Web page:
Lady Gaga album sells 1.1 million copies in first week
LOS ANGELES (Reuters) - Flamboyant pop star Lady Gaga has scored her first No. 1 album in the United States after a 99-cent promotion by Amazon.com sent the much-hyped release past the rare million-copy mark in its debut week.
According to sales data published on Tuesday by Billboard magazine, "Born This Way" sold 1.11 million copies during the week ended May 29.
It marks the biggest first-week sales total since rapper 50 Cent's "The Massacre" debuted to 1.14 million copies in March 2005. The last album to break the million mark was country starlet Taylor Swift's "Speak Now," which started with 1.01 million copies last November.
In all, just 17 albums have sold more than one million copies in their first week since tracking firm Nielsen SoundScan began collecting point-of-sales data in 1991. Boy band 'N Sync holds the first-week record with 2.4 million copies for its 2000 album "No Strings Attached."
Billboard estimated that Amazon downloads accounted for upward of 440,000 downloads of "Born This Way." Heavy demand crashed Amazon's servers when the online retailer launched its one-day-only promotion last Monday. The firm gave fans another chance to get the album for 99 cents on Thursday.
Billboard said music industry observers had been expecting the album to sell between 650,000 and 700,000 copies before the Amazon promotion kicked in.
Amazon undertook the money-losing promotion to steal business from Apple Inc's iTunes, which dominates the market for digital music downloads.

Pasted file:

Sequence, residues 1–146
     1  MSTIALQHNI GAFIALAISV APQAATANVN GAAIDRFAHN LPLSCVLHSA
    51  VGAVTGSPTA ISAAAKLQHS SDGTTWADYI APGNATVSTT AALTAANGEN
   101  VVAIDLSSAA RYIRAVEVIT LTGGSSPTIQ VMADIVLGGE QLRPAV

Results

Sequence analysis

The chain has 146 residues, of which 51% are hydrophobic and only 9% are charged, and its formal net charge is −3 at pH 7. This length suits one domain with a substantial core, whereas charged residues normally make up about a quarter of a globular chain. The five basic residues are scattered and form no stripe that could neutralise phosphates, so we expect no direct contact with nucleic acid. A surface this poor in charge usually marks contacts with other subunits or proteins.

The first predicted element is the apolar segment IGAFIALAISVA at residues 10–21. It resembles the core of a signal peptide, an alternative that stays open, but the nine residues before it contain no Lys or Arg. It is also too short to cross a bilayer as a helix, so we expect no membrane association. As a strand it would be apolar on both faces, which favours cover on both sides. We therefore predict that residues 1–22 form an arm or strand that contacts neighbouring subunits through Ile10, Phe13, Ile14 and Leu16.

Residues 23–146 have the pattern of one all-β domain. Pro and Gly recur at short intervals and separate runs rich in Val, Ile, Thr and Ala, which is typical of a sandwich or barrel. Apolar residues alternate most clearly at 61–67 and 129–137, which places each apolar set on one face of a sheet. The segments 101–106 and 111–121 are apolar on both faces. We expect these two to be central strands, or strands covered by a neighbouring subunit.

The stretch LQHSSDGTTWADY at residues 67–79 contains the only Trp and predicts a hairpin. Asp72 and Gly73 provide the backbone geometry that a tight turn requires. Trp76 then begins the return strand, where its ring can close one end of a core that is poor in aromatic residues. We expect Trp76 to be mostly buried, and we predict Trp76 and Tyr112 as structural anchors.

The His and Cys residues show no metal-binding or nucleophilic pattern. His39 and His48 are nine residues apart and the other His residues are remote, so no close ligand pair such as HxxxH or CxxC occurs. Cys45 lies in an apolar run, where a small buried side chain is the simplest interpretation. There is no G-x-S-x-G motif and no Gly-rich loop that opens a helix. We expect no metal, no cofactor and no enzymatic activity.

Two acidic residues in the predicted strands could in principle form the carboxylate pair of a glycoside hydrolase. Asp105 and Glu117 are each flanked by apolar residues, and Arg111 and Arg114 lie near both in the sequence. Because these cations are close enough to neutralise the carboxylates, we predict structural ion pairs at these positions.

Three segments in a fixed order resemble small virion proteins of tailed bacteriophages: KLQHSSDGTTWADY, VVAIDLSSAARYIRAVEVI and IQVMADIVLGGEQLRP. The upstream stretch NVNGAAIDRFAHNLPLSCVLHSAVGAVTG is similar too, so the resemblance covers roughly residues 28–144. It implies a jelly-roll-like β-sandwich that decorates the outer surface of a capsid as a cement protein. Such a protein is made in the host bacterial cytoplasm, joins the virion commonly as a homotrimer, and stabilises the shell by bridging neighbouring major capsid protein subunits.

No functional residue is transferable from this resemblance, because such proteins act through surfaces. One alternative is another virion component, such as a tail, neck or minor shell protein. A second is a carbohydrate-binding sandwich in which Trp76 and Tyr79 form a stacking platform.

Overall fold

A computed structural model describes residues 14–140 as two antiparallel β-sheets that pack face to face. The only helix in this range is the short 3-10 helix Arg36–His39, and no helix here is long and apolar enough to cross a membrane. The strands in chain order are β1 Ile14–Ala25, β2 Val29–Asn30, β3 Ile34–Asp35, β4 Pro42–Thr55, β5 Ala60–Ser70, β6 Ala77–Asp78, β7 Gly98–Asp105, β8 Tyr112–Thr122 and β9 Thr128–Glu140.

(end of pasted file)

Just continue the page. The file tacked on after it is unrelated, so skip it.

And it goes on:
Overall digital downloads for "Born This Way" totaled a record-breaking 662,000 copies, Billboard said. The old record of 288,000 downloads was held by Coldplay's 2008 album "Viva La Vida Or Death And All His Friends."
"Born This Way" marks Lady Gaga's second full-length album for Interscope Records, a unit of Vivendi SA's Universal Music Group. The 25-year-old New Yorker's 2008 debut "The Fame" peaked at No. 2 and has sold 4.2 million copies to date in the United States.
The singer, famed for her outrageous costumes and lavish stage shows, has been ubiquitous on the promotional trail in recent weeks. Among her stops were the Cannes Film Festival in France, the U.S. variety show "Saturday Night Live," and a London newspaper where she served as guest editor.
But is "Born This Way" any good? Critics said it lacked subtlety, but were divided on whether this was a good thing. Rolling Stone described the album as "disarmingly great" while the Los Angeles Times said it draws from "the worst tendencies of the last decade of dance music."
(Reporting by Dean Goodman; editing by Jill Serjeant)